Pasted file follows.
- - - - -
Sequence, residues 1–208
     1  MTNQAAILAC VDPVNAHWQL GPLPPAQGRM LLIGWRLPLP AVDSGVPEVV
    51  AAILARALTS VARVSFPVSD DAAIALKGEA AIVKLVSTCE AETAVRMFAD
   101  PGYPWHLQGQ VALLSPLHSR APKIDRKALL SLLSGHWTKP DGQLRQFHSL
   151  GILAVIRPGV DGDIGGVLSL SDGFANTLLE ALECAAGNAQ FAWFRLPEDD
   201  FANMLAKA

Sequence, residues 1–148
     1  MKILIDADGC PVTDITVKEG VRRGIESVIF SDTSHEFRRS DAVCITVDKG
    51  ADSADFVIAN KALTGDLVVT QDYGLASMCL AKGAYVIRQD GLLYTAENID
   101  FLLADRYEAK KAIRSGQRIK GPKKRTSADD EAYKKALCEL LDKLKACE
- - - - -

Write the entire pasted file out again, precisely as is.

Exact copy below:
Sequence, residues 1–208
     1  MTNQAAILAC VDPVNAHWQL GPLPPAQGRM LLIGWRLPLP AVDSGVPEVV
    51  AAILARALTS VARVSFPVSD DAAIALKGEA AIVKLVSTCE AETAVRMFAD
   101  PGYPWHLQGQ VALLSPLHSR APKIDRKALL SLLSGHWTKP DGQLRQFHSL
   151  GILAVIRPGV DGDIGGVLSL SDGFANTLLE ALECAAGNAQ FAWFRLPEDD
   201  FANMLAKA

Sequence, residues 1–148
     1  MKILIDADGC PVTDITVKEG VRRGIESVIF SDTSHEFRRS DAVCITVDKG
    51  ADSADFVIAN KALTGDLVVT QDYGLASMCL AKGAYVIRQD GLLYTAENID
   101  FLLADRYEAK KAIRSGQRIK GPKKRTSADD EAYKKALCEL LDKLKACE